Evidence is building exponentially for the metabolic endoscopic techniques that provide alternatives to bariatric surgery for patients struggling with obesity.
Brisbane gastroenterologist Dr Jason Huang, who specialises in advanced diagnostic and therapeutic endoscopy, told AGW 2019 in Adelaide that endoscopic sleeve gastroplasty led to total body weight losses (TBWL) of about 15%.
He presented a number of recent studies that demonstrated the procedure was consistent and effective with a low rate of serious adverse events.
In an Australian and US series of 112 patients with an average BMI of 37.9, the TBWL was 14.9% at six months and excess weight loss (EWL) was 50.3%. The surgery was performed as a day procedure with only three (2.7%) serious adverse events such as a bleed or a leak.
Dr Huang said the procedure was ideal for non-surgical candidates such as patients with comorbidities or those who did not want surgery.
However patients should have realistic expectations for their weight loss and a satisfactory psychiatric evaluation.
In another series of 193 patients from Brazil and the US, TBWL was 15.06% and EWL was 59.41% at 12 months. Serious adverse events (1.03%) were two perigastric leaks requiring surgery.
And a larger study of 1,000 patients from Saudi Arabia had confirmed short-term TBWL outcomes of 14.8% at 18 months.
In another study (in press) of 203 patients with longer follow-up, TBWL was 14.5% at five years.
He said the technique, including suture patterns, was still evolving and there was a need for both more data and more long-term data.
“The longest follow-up is actually five years which is, relatively speaking, not long enough. But as with any new technique and new breakthroughs, it takes time to build that data. And likewise with bariatric surgery, when it first started it didn’t have any long-term data either so the data will come with time.”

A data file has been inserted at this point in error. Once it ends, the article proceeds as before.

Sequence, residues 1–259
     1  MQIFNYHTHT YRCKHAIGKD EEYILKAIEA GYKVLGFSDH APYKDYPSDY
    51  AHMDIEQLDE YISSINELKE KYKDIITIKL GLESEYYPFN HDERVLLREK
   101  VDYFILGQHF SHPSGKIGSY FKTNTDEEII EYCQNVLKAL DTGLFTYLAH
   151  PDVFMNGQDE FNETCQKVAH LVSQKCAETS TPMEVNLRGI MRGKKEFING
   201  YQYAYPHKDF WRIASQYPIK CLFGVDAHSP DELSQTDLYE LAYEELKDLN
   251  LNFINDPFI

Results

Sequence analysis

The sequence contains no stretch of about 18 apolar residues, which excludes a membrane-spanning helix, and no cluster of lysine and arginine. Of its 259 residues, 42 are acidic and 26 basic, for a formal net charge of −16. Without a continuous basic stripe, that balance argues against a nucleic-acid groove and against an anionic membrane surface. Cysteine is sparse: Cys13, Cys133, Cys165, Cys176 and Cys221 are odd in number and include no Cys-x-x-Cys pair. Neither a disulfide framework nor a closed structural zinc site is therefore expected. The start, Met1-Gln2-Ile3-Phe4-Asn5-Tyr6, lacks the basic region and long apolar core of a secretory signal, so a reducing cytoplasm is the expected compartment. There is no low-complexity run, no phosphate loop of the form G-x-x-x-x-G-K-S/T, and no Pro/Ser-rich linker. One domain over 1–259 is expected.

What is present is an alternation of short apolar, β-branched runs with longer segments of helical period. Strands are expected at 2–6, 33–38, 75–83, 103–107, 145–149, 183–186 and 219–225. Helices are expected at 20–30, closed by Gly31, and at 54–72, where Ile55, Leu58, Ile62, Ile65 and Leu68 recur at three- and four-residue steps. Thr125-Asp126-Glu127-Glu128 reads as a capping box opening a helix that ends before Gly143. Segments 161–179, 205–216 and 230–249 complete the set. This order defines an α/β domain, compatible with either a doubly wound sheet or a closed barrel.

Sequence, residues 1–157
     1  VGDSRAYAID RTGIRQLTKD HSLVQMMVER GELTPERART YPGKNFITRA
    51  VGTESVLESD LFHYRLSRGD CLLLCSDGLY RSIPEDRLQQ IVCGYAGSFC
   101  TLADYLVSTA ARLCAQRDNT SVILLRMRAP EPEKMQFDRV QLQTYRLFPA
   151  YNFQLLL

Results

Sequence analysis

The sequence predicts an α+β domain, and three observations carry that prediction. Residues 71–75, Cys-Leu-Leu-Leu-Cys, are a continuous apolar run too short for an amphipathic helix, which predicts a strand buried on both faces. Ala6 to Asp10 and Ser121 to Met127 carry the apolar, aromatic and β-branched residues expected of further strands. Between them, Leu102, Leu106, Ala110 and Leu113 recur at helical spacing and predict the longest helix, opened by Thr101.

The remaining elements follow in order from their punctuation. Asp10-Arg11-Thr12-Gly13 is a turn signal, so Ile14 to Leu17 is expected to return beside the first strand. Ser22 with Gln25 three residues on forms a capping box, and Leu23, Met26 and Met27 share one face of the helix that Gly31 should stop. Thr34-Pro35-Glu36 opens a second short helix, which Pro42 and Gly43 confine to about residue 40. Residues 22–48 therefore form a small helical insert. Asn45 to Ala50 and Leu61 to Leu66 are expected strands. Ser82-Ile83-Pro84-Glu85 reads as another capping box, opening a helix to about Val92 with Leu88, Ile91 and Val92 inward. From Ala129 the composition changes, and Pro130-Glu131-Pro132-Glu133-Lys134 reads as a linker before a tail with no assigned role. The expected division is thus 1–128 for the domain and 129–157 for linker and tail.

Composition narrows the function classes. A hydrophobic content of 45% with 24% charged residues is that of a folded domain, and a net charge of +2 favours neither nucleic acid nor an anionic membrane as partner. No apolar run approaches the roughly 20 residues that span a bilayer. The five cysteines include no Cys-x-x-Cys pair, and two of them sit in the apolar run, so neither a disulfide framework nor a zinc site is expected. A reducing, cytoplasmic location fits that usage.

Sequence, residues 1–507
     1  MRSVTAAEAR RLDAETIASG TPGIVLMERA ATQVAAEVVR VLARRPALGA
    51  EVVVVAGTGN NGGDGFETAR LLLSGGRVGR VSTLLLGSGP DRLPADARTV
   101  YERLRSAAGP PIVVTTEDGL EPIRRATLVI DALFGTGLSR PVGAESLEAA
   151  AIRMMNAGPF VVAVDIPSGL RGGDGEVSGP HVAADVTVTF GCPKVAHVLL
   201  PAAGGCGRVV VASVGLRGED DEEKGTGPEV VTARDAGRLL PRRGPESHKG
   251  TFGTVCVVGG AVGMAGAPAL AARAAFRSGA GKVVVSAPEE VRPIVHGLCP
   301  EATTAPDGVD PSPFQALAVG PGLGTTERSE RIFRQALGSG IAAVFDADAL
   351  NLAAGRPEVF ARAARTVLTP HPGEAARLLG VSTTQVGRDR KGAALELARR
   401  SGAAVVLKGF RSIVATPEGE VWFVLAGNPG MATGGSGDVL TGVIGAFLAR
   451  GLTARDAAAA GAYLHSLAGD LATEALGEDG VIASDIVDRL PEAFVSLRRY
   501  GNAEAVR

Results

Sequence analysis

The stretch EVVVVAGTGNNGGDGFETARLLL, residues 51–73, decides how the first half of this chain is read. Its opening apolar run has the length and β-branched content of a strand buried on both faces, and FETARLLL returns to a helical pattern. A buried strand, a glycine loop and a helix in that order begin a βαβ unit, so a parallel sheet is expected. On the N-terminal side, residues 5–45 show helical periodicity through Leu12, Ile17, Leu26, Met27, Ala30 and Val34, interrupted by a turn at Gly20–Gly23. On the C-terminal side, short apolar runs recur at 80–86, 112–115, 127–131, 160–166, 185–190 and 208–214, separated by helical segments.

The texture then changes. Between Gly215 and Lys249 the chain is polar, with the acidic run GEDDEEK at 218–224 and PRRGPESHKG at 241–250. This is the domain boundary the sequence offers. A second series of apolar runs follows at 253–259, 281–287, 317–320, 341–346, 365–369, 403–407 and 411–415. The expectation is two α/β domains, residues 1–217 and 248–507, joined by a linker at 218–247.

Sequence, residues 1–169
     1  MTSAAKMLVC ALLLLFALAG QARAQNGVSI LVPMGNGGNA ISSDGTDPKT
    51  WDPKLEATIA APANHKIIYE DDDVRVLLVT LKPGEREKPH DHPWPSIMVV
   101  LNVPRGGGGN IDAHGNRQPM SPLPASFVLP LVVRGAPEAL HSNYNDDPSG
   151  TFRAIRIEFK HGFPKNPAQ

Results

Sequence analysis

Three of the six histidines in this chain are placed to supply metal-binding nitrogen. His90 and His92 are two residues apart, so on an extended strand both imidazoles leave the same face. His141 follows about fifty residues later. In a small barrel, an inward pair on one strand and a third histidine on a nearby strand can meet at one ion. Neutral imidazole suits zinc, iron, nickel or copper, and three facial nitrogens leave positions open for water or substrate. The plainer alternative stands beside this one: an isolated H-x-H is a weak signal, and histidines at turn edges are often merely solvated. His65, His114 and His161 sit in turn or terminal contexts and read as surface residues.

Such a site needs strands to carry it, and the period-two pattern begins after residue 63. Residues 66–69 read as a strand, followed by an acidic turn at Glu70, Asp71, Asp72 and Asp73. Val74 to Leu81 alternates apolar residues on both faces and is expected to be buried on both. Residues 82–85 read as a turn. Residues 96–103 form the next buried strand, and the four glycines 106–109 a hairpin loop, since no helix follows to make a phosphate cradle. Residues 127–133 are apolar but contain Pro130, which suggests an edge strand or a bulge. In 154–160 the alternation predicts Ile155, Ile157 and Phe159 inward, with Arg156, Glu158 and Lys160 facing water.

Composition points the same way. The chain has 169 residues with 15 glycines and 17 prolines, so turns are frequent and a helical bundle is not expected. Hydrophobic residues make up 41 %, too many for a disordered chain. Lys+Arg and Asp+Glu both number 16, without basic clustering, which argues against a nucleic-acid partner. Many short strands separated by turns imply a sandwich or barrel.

He said the data was mature enough to have generated a meta-analysis of nine studies and 1,542 patients, which found it was “a promising minimally invasive alternative for treating obesity with satisfactory efficacy and low risk”.
The other endoscopic technique of particular interest was the transoral outlet reduction (TORe), which can help reverse weight gain following Roux-en-Y gastric bypass.
Dr Huang said it had proved to be a well-tolerated day procedure with patients likely to lose about 10 kg. Side effects were uncommon but typically nausea, abdominal pain and GI bleeding.
A US series of 252 patients found TBWL was 9.6 kg at six months. Other outcomes were improvements in HbA1c, blood pressure and ALT levels.
He added that the duodenal-jejunal bypass liner was making a comeback and had been shown to be particularly helpful in improving glycaemic control.
Duodenal mucosal resurfacing had also been shown recently to improve glycaemic control in patients with suboptimally controlled type 2 diabetes irrespective of their weight loss.
Dr Huang said different procedures would suit different patients.
“You can’t apply the same treatment to everyone – that’s why there is medical, endoscopic, lifestyle and surgery. The patient needs to be assessed to see which one they are willing to undergo and which option is most suitable for their situation.”